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I said this wasn’t a news blog, right? But I have to say that Suikoden’s re-release leaves me excited. I know far too many people who’ve had trouble getting a copy of this game, people who’ve borrowed it but would have bought it if only it weren’t so rare and expensive. I’ve been saying for ages that Konami would make so much money if they’d just re-release this game (and the second one, which is even rarer)– simply put, it may even have reached a point where there are more people who want it than there are copies in existence.

Don’t get me wrong; I’m certainly glad when game companies are busy making new titles instead of trying to ride on the success and popularity of their old ones. But when it comes to rare games that’re selling for high prices and can’t be found on any console for a lower price, re-releasing seems like a no-brainer, a win for everyone. It wouldn’t even need to be changed to be re-released, since everyone can still play PS1 games on their current Sony consoles, so it’s not obsolete (except, I suppose, to those who find old graphics to be unpalatable no matter how good the game is– in which case, I pity their never being able to experience SMB3.)

In short, yay. Now, I just need to be able to find a copy of Silent Hill 1…

 

Little black (folding) box May 1, 2008

Filed under: Consoles — haounomiko @ 11:09 pm
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Another thing that I was thinking recently is that it seems like the best games are all coming out for the DS. I’ve never been a handheld console fan before, partly because I couldn’t see what I was doing before the era of backlit consoles, but also partly because the games just never grabbed me. It feels like nowadays the DS is getting all the interesting, fun stuff that I want to buy. I have a list of DS games as long as my arm that I plan to get, and my serious wishlist for other consoles is about… three games long. I’ve always felt like TV consoles were “the main event”, so I’m surprised to be gravitating to a handheld so strongly all of a sudden.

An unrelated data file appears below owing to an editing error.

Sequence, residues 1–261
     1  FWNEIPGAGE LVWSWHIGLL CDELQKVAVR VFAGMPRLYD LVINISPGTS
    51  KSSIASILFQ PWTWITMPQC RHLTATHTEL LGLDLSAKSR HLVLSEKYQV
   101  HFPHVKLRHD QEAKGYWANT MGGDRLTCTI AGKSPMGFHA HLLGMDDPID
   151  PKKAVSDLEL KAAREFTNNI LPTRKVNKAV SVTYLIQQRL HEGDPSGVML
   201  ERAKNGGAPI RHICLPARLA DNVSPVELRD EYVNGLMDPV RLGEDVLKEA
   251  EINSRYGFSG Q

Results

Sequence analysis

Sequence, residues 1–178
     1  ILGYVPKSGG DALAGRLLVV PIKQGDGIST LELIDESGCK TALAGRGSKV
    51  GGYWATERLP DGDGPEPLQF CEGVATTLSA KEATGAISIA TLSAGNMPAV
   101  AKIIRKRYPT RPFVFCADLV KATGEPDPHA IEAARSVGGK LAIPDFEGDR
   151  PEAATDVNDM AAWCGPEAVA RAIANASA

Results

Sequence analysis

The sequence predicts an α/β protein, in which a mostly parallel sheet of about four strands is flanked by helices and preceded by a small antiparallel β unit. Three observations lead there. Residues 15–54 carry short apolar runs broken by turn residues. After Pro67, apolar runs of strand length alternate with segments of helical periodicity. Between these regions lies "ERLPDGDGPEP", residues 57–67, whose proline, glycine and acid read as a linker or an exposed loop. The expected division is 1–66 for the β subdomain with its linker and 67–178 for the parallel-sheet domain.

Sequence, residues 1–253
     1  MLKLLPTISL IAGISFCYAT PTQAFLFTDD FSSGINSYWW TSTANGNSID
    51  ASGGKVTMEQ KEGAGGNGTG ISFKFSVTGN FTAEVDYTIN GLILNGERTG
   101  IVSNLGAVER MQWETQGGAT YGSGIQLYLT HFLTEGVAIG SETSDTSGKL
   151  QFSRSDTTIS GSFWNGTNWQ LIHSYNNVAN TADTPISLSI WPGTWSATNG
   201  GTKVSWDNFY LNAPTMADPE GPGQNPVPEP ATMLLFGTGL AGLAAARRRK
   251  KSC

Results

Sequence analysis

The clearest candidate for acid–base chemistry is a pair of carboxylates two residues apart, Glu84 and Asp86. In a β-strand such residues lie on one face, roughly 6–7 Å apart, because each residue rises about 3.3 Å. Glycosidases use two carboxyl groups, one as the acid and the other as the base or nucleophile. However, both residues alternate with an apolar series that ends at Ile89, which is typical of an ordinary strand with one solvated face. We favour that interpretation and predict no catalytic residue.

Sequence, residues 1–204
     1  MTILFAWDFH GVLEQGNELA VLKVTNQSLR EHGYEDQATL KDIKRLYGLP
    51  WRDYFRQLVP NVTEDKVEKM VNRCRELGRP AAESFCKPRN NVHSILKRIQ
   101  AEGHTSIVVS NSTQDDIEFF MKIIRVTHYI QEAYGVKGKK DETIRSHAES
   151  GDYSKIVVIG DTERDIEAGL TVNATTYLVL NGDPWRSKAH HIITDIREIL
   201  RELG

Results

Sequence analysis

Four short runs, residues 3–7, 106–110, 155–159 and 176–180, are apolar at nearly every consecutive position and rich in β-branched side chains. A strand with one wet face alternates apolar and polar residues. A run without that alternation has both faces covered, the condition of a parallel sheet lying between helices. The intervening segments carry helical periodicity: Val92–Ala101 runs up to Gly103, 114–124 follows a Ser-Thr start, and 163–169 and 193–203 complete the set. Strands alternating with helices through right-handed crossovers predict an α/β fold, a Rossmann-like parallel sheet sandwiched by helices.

Of course there’s the whole innovative interactions thing, and it’s Nintendo, but then Nintendo has had some lackluster eras IMO as well– I was completely uninterested in the N64, never felt a twinge of regret from having jumped ship to Sony, because the PS1 was the system with all the great games back then.

I think it may be in part because there’s no pressure to have the most amazing graphics on the block– if you want graphics, you don’t go for a handheld game. So the software corporations are okaying games that have simple art but great concepts, instead of okaying games that have boring/ripoff concepts but fancy art. And now that handhelds have gotten to the point where they can do decent 3-D graphics even if they’re not omgphotorealistic, enough that people find the graphics pretty reasonable, they’re starting to attract more attention, I guess. So they’re Serious Platforms enough to be getting games with really big ideas nowadays.

And I suppose when I look at that, the future of gaming looks a lot brighter than otherwise for someone like me who would much rather play something fun and creative than something pretty but insubstantial. However, it does make me worry about what’ll happen when handhelds start going for awesome fancy art… hopefully they will always realise that they just aren’t made to reach for that target, and reach for that of fun instead.